your statement by including “doesn’t hurt anyone else”, and then contradict
    this contradiction by adding “freedom to do as we please as regards sex must
    never be questioned.”

    You criticise “retrospective witch hunts on alleged past
    sexual predators” – one wonders why (the RC Church’s record?)

     

    I think that many of the middle class (and of the lower
    middle class you mention), whose views are created or reinforced by Telegraph newspapers
    (and the CH), might be unnecessarily alarmed or distressed by your article. I
    read these Telegraph reports on the days of publication, and groaned. What’s
    new?

    Teenage schoolgirls, by the way, were always told to take
    everything their friends told them with a very large lump of salt. Has this
    stopped?

    PS: Parents of some of the aforementioned schoolgirls could consider doing the same.

  • MRF Thorne

    Praying the rosary daily is a guaranteed method of empowering yourself against temptations of all types, and I have heard from discussions with several people that it proves to the only effective method in ‘breaking the back’ of being tempted by pornography.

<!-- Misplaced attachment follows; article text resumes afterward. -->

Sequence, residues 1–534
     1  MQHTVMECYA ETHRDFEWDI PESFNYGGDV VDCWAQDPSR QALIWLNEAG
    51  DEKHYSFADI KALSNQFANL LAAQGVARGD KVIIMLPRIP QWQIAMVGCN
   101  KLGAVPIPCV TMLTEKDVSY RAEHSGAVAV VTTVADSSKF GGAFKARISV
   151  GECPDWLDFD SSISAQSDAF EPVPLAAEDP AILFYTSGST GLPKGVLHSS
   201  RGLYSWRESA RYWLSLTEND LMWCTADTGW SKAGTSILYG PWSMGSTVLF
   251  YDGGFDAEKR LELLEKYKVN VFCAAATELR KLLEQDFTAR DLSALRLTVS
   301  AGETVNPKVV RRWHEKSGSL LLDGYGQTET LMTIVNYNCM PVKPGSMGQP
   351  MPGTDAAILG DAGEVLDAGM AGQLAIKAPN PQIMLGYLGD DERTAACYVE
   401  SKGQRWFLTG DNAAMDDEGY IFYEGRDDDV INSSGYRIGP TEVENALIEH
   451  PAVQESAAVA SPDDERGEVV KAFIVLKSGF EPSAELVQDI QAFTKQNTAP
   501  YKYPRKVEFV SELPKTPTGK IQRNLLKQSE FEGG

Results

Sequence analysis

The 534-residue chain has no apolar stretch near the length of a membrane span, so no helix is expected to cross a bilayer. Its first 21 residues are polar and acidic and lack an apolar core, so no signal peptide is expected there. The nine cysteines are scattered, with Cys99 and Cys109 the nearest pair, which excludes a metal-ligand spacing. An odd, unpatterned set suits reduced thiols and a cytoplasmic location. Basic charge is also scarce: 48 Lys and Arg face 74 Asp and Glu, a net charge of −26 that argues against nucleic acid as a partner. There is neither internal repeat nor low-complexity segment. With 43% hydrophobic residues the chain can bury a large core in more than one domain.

• Caroline Farrow

    Discussion of pornography is also a difficult topic for Catholics. We too suffer from the sin of pride and are concerned as to what other people may think of us or our psyche. There is a common false perception that the church is obsessed with sex, speaking out against pornography confirms many people’s prejudices. 

    Also, it’s difficult to discuss this with appropriate tact and sensitivity, i.e. we don’t want to inadvertently titilate or lead others into sin.

    That pornography is a terrible pornography is in little doubt. The well known American speaker on chastity Jason Evert has an excellent website for Catholics who may be struggling. http://www.theporneffect.com/jason-evert